A SPECIAL exhibition is being lined-up to mark the centenary of one of Clacton’s most popular entertainers.

Clown Bertram – real name Albert Edward Harvey – and his ventriloquist’s dummy Filbert turned up at Clacton looking for work in 1922.

Despite all the town's summer seasons already being cast, he was able to persuade Clacton Pier's owner Ernest Kingsman that he lacked a children’s entertainer.

Clown Bertram was given a week’s trial to prove his worth and ended up thrilling millions of families for 18 consecutive seasons through until the outbreak of the Second World War in 1939.

The pair were total sell-outs – first playing to children sat on a carpet, then in the specially built Children’s Theatre and later the Jollity, now the Jolly Roger, which housed an audience of 1,000.

Clown Bertram never returned to the pier after the war and died in 1953.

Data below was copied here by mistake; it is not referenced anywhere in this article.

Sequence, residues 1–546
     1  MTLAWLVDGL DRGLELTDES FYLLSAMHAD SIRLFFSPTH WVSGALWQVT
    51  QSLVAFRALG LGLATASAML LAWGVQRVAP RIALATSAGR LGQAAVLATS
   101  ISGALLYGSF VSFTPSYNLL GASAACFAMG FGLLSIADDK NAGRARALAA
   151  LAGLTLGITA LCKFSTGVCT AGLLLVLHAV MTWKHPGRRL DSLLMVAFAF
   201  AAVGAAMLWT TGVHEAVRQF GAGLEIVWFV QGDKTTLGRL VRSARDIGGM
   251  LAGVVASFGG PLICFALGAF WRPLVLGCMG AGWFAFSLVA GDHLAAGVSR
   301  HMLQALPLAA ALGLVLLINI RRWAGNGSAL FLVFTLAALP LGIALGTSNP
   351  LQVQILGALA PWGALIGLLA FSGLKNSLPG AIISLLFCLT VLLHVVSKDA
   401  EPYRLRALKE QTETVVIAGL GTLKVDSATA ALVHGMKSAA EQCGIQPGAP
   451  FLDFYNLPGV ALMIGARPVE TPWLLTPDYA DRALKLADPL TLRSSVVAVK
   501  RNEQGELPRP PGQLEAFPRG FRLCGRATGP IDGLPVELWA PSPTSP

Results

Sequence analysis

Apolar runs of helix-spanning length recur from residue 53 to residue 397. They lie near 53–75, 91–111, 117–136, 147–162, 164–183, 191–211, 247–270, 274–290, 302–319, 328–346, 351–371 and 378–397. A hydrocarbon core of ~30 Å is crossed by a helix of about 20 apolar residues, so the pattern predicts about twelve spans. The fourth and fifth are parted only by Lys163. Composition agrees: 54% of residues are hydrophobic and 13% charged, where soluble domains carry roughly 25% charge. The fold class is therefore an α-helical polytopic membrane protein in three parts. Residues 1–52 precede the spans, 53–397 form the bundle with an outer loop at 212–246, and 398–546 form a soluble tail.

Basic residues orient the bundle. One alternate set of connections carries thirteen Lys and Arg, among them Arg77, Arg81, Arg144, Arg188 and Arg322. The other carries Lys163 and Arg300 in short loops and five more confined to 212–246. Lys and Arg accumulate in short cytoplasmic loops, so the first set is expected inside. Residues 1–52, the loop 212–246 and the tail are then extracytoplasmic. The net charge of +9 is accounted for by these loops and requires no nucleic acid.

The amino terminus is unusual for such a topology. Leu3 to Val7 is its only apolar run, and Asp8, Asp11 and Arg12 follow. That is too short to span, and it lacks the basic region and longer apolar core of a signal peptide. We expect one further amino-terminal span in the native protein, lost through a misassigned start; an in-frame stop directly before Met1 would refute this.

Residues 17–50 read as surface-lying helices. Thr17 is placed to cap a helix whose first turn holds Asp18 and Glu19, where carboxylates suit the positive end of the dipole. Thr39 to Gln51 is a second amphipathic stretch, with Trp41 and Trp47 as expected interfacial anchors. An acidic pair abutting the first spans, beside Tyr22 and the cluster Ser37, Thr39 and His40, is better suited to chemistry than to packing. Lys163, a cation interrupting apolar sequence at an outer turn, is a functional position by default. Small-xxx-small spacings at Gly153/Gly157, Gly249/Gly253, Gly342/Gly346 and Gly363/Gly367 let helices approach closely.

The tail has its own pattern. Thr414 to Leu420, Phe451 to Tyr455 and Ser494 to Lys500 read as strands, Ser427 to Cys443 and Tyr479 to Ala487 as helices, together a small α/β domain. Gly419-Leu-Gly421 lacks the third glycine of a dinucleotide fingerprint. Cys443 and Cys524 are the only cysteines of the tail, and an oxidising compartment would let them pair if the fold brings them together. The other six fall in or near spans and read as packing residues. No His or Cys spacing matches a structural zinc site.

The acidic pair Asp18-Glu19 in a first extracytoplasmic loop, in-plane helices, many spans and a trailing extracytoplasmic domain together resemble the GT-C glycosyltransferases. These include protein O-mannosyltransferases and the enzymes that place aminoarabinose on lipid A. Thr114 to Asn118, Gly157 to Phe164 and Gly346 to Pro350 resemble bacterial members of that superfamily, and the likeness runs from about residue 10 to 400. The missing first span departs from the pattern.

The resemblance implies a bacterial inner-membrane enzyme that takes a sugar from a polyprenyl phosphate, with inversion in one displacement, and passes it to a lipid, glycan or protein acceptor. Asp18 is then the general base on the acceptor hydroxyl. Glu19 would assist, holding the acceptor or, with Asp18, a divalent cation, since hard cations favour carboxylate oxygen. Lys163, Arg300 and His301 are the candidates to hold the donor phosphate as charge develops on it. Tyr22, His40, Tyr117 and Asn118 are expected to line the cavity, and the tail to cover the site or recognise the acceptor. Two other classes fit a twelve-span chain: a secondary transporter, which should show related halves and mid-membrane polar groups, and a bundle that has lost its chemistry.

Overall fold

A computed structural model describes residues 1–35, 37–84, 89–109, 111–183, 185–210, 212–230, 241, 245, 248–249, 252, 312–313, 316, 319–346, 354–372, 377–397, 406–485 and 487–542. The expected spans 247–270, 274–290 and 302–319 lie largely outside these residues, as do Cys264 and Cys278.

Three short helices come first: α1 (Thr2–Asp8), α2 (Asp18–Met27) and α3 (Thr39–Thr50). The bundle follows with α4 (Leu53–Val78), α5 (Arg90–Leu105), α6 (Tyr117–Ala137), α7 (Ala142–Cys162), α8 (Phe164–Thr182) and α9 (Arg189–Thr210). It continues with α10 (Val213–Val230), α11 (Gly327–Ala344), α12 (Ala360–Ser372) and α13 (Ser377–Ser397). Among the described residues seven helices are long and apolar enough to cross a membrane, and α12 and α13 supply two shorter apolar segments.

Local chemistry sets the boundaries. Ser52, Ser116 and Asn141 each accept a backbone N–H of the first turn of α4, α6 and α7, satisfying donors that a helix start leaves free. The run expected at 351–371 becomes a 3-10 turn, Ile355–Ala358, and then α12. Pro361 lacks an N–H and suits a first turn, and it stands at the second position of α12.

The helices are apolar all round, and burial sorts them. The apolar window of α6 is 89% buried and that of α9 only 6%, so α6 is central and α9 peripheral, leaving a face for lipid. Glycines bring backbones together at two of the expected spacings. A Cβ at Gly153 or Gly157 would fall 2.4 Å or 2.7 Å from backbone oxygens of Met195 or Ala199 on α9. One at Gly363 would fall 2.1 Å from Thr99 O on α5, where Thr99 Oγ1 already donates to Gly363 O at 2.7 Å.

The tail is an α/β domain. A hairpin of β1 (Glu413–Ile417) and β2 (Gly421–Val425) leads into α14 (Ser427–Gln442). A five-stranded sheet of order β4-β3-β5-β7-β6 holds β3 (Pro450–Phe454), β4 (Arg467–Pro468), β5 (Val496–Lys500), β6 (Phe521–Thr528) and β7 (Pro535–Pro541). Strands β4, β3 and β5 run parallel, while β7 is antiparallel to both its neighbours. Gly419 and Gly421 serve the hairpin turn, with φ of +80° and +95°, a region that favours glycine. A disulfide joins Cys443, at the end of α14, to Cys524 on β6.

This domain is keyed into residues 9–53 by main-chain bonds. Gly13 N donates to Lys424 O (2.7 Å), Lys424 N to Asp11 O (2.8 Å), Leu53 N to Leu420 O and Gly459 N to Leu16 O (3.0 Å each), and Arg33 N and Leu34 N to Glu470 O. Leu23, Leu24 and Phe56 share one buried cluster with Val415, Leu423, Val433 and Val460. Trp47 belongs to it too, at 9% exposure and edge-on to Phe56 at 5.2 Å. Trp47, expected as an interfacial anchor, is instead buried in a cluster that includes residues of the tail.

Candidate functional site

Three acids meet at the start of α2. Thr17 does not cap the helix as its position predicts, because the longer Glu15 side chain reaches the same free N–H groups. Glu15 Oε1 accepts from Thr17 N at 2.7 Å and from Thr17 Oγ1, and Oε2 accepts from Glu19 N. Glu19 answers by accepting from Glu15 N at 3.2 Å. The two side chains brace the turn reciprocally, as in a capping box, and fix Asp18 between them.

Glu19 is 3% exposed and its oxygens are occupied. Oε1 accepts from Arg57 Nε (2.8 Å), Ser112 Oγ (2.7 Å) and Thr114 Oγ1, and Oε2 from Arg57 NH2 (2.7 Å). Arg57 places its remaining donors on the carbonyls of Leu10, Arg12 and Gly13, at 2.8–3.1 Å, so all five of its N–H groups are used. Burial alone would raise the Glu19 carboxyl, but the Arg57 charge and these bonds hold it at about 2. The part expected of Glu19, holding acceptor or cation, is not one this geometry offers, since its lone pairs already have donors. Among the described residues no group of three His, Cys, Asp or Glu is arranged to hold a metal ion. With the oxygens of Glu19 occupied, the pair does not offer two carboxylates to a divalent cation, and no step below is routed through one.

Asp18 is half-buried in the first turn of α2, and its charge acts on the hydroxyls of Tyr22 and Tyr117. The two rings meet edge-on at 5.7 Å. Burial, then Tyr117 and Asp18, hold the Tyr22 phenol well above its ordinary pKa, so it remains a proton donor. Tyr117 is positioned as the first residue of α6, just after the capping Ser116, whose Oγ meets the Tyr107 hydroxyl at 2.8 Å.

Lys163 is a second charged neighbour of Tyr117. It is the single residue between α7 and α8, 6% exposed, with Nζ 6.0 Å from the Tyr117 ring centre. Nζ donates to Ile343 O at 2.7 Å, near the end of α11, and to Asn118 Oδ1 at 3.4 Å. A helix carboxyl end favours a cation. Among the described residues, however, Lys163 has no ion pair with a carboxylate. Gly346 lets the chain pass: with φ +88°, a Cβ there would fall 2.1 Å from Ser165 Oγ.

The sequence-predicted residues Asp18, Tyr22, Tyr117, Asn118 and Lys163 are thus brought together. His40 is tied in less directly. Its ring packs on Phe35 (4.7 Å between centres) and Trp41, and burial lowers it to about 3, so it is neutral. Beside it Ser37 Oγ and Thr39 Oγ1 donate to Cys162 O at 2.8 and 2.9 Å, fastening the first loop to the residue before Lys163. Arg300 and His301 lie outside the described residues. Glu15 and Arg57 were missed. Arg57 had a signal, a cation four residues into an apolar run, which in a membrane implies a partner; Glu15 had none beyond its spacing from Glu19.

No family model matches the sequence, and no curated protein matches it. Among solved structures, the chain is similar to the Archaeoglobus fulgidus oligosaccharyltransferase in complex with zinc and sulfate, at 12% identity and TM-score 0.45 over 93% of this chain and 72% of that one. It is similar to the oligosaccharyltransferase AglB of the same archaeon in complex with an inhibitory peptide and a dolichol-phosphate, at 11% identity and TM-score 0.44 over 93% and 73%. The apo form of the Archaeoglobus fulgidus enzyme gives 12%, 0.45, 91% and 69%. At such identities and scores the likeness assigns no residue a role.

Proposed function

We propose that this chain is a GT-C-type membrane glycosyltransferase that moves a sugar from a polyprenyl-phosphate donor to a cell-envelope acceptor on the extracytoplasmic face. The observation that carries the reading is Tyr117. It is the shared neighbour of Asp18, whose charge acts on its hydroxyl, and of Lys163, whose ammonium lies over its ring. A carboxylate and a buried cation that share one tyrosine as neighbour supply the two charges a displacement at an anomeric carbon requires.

But crowd-pleaser Filbert lives on and was bought by the Clacton Local History Society, taking pride of place in their museum in the town’s library.

Now the society and Clacton Pier have joined forces to stage the exhibition during the six week school summer holidays.

Pier director Billy Ball said: “It is only right and proper that Filbert comes home for a few weeks and an exhibition to celebrate Clown Bertram, who was an extraordinary entertainer, is staged where it all began 100 years ago.

“I honestly think he would still pull in the crowds today and we look forward to seeing visitors turn out to learn more about this incredible act – the pier’s number one entertainment attraction for almost two decades.”

Filbert returned to the pier for the first time in 77 years last summer to be one of the first to try out the new big wheel.

History society chairman Norman Jacobs said that it was on that visit the idea of an exhibition was discussed.

“We hoped the pier’s owners would agree and they jumped at the chance for which we are truly grateful,” he said.

“It is the original haunt of Clown Bertram and Filbert who are a key part of the pier’s history.”